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Spring 2003
The Challenge
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Spring 2003
The Price of Excellence
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It might be a favorable time in the face of today’s gloomy economic climate to explore ways to create ways to create more stable long-term funding for the university of California.

By Werner Z. Hirsh
Illustration by Luba Lukova

CALIFORNIANS CAN BE PROUD to have built the world’s finest public research university. Today, however, the University of California is at a crossroads and its preeminence and ability to compete with the best private institutions are at risk.

This has happened before. The end of the Cold War, for example, had a devastating effect on California’s defense industry, the state’s finances and, as a consequence, the UC. Then the UC was able to hold the damage to a minimum. But this time, because of the depth and expected long duration of the financial crisis, major systemic changes might be in order. Without such changes, the UC’s academic primacy could be damaged at a time it must accommodate the dramatic influx of students anticipated in what has been dubbed Tidal Wave II.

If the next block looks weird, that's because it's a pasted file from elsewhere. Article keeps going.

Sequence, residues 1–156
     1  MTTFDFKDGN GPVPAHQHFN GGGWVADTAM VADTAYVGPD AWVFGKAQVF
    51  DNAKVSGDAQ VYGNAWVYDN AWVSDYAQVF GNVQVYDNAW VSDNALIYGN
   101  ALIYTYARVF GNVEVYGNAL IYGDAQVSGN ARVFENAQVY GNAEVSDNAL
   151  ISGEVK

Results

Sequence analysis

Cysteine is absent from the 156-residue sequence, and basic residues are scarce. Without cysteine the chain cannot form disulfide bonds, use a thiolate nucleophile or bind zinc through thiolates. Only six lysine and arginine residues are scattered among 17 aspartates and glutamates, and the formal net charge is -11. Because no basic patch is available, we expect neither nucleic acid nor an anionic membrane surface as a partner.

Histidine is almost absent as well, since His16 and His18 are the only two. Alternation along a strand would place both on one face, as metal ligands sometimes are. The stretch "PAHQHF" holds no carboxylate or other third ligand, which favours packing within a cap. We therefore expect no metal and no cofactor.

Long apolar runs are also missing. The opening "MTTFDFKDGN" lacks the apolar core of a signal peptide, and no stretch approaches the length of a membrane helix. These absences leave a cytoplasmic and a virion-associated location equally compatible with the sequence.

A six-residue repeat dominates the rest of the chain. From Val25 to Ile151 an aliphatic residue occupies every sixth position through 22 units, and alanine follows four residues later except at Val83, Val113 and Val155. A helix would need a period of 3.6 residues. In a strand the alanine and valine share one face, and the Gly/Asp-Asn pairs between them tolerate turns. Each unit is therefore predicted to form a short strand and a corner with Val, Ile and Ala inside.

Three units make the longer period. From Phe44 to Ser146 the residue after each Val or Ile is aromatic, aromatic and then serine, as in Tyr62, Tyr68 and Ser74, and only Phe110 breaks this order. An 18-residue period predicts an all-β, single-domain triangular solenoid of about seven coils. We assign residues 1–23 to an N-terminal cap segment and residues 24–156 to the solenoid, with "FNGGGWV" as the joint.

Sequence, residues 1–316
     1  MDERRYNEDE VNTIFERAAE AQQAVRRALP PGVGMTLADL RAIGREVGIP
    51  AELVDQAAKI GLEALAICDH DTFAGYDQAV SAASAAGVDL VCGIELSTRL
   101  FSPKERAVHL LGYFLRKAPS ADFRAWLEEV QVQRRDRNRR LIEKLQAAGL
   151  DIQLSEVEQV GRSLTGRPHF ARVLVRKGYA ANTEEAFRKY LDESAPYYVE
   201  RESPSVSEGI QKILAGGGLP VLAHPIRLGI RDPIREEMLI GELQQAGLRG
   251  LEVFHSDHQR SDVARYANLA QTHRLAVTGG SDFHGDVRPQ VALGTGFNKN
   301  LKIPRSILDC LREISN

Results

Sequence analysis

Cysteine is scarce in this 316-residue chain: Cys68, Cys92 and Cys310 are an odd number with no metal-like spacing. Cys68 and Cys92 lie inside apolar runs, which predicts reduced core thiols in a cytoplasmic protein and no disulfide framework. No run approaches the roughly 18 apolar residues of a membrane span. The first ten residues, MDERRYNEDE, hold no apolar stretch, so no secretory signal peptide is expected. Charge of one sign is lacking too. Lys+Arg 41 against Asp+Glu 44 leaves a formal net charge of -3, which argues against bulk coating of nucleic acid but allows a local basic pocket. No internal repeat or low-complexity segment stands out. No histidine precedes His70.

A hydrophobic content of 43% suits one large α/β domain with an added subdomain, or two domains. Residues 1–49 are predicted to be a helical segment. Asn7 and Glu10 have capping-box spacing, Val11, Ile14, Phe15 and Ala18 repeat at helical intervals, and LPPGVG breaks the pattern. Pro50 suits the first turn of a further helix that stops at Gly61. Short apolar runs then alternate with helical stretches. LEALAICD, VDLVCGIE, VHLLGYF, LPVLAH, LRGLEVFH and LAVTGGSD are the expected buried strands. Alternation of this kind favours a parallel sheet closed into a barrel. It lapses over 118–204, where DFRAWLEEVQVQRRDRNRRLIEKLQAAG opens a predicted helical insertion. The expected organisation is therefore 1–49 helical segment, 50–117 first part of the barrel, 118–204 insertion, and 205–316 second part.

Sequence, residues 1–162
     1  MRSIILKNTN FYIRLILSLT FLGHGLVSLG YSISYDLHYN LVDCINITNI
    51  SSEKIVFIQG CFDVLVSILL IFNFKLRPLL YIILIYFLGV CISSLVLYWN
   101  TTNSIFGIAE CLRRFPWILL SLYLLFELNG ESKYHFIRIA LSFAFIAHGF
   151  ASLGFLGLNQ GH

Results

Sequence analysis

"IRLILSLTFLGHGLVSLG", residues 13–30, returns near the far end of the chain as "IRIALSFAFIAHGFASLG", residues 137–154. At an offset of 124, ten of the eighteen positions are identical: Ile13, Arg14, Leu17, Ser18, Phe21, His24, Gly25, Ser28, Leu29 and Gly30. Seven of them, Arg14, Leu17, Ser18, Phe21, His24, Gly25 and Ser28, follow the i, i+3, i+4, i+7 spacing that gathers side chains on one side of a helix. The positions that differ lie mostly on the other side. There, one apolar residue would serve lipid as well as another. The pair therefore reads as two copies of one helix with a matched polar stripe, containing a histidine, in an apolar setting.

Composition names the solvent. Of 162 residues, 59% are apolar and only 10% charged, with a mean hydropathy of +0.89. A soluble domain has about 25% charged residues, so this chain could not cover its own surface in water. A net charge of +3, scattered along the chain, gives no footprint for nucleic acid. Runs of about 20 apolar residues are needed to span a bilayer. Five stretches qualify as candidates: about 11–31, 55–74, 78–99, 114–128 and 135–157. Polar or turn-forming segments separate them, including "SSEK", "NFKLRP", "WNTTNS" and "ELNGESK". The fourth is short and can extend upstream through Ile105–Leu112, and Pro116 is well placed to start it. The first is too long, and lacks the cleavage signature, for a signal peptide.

The UC, like other research universities, receives funding for its teaching and research from four major revenue sources — federal grants and contracts, private grants and gifts, state funding and fees and tuition. While the UC has little control over the first three sources, it can exercise control over fees as part of a strategy to enhance its resources to better maintain and elevate its world-class status. Ensuring the UC’s place as a top-echelon university, with UCLA among the best of the best, is critical because our public institutions are essential to the vitality of the state in so many ways — as educators of the next generations of scientists, engineers, policymakers and business leaders; as catalysts of new knowledge and innovation in such critical areas as biotechnology, health care and telecommunications; and as engines that have driven and sustained California’s economy.


2005 The Regents of the University of California